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DAMA

Demand-Assigned Multiple Access - A highly efficient means of instantaneously assigning telephony channels in a transponder according to immediate traffic demands.

dBi

The dB (decibel) power in relation to an isotropic source

DBS

Direct Broadcast Satellite - Refers to the satellites and services that provides multiple channel television service to homes nationwide using small home dishes.   DBS uses a digital transmission and encryption format.

dBW

The ratio of the power one Watt expressed in decibels.

Decibel (dB)

The standard unit used to express the ratio of two power levels.  In communications it is used to represent either the gain or loss of power between the input and output devices.

Declination

The offset angle of an antenna from the axis of it's polar mount as measured in the meridian plane between the equatorial plane and the antenna main beam.

Decoder

A device which enables encrypted signals to be converted to viewable signals.   This may refer to both analog and digital encryption systems.

Decoder Unit

This term refers to the new generation of television set-top units that accept digital and analog television signals.

Decoding

There are many types of decoding protocols which vary from system to system.  It is the process by which a particular decoder converts an encoded analog signal or digital bit-stream back into it's usable video or audio components.

Deemphasis

Reinstatement of a uniform baseband frequency response following demodulation.

Delay

The time it takes a signal to go from the sending station through the satellite to the receiving station.  The approximate delay time of a signal through a geosynchronous satellite is close to one-quarter of a second.  This is due to the fact that the signal travels at the speed of light.  The signal makes a round trip of approximately 44, 500 miles and also has an additional slight delay while being processed through the satellite.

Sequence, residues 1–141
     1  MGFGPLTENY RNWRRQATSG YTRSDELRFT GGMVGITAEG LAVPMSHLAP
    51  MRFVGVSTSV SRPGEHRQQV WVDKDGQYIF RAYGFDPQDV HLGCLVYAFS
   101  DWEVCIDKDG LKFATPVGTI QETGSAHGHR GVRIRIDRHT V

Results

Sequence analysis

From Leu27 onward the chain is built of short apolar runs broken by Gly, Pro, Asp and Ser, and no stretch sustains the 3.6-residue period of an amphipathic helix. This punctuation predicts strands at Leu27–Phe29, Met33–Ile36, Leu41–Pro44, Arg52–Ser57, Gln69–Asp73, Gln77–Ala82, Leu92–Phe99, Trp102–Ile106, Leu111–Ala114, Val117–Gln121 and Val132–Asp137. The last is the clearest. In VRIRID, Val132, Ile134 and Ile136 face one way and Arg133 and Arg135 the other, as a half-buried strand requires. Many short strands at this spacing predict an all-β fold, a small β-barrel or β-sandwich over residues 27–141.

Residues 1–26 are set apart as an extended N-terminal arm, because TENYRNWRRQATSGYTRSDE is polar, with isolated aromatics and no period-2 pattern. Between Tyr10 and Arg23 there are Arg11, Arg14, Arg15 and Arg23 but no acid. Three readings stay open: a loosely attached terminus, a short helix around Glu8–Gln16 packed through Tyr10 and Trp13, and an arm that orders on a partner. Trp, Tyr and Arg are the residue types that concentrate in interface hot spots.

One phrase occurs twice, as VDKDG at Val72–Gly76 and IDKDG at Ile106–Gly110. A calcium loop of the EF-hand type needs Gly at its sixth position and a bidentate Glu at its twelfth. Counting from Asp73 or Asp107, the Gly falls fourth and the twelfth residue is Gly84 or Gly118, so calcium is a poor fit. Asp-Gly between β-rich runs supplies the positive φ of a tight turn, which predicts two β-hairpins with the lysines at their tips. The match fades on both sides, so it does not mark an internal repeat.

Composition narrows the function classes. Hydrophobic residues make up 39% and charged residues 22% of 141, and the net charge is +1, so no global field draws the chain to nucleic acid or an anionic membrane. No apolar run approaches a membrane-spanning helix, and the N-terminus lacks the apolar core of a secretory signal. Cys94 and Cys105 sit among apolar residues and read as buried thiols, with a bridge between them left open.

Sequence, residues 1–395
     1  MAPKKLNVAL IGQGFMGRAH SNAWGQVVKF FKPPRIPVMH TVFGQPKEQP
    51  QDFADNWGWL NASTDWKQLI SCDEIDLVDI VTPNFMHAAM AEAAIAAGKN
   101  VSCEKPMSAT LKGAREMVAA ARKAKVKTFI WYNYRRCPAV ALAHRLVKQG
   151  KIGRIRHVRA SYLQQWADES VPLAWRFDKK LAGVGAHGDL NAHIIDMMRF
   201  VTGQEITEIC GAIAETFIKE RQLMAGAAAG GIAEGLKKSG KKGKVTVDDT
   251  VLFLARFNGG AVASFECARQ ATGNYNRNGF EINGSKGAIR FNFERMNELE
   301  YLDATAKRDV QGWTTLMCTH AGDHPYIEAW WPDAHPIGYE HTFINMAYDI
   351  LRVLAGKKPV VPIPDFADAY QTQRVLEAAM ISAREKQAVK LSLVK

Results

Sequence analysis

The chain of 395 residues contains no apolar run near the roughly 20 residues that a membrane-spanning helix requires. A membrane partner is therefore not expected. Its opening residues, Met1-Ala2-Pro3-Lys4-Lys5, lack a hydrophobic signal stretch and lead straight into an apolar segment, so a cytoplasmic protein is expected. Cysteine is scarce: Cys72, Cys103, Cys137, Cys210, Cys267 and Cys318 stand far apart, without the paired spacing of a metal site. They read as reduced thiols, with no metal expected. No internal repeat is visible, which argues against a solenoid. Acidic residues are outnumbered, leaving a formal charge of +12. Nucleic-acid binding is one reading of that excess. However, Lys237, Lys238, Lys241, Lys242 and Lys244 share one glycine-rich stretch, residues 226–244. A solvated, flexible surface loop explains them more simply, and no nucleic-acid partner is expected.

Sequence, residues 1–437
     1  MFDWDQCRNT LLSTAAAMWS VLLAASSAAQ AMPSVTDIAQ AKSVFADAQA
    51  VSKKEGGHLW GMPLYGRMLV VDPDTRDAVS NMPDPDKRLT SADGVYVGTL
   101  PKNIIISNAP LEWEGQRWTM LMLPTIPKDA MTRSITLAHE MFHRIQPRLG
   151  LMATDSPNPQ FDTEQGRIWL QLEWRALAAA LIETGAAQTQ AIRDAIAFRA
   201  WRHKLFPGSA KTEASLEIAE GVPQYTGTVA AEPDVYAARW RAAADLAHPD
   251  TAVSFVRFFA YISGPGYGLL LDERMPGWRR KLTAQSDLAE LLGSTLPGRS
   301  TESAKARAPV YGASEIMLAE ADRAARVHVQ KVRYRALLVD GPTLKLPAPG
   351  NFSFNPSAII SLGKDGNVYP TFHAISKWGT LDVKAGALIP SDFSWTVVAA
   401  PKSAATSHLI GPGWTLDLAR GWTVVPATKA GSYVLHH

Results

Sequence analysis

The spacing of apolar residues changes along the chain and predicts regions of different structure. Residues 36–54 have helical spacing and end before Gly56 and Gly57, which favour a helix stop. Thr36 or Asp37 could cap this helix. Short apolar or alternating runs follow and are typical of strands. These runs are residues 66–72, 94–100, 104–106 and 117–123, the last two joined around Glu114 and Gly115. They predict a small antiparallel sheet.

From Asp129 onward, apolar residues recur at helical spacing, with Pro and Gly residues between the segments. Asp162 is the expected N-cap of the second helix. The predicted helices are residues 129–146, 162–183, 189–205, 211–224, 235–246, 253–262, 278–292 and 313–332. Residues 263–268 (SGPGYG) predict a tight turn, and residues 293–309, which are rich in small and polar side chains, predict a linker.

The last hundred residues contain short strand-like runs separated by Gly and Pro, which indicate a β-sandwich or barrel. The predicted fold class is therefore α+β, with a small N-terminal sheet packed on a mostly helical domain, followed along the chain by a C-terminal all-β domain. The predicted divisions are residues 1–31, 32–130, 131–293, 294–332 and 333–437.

Demodulator

A receiver circuit which extracts or "demodulates" the desired signal information from the received carrier.

Deviation

The modulation level of an FM signal as determined by the amount of frequency shift (measured in MHz) from the center frequency of the main carrier.

Digital

Information converted into bits of data for transmission through any medium such as wire, fiber optic cable, satellite or over the air techniques.

Digital Component Video

Digital video that uses separate color components such as, Y,Cr,Cb or RGB.

Digital Composite Video

Digital video that is a digitized waveform of composite NTSC or PAL video signals with specific values assigned to the sync, blank and white levels.

Digital Compression

Digital compression involves the use of algorithms to reduce the bandwidth necessary to store or transmit a digital video signal or other digital information.

Digital Speech Interpolation (DSI)

A method of tranmitting telephony 2.5 to 3 times more efficiently through the use of a digital format.  This process takes advantage of the fact that during a conversation the actual voice content makes up only 40 % of the conversation with pauses between words and sentences make up the other 60 %.  In essence it is a form of time compression to represent the pause periods.

Dolby

Dolby A, B, C and Dolby SR are electronic processing that are used to increase the signal-to-noise ratio and reduce unwanted frequencies.  This process specifically targets the frequency range of the tape hiss that is inherent in the recording of analog signals.

Downlink

Any satellite dish capable of receiving digital or analog broadcasts from satellites in orbit.

Dual Spin

A spacecraft design which allows the satellite to spin in place in order to provide altitude stabilization while allowing the antenna to remain motionless through the use of a motor and bearing system.  This allows the rotation of the satellite while keeping the antenna array oriented correctly in relation to the earth.  This system allows the creation of a "spin-stabilized satellite".

Dynamic

A term used to describe any signal that is undergoing changes in amplitude or frequency. 

Dynamic Range

Dynamic range is defined by the amount of change between the upper and lower extremes of the amplitude or frequency alterations of an audio signal.

 

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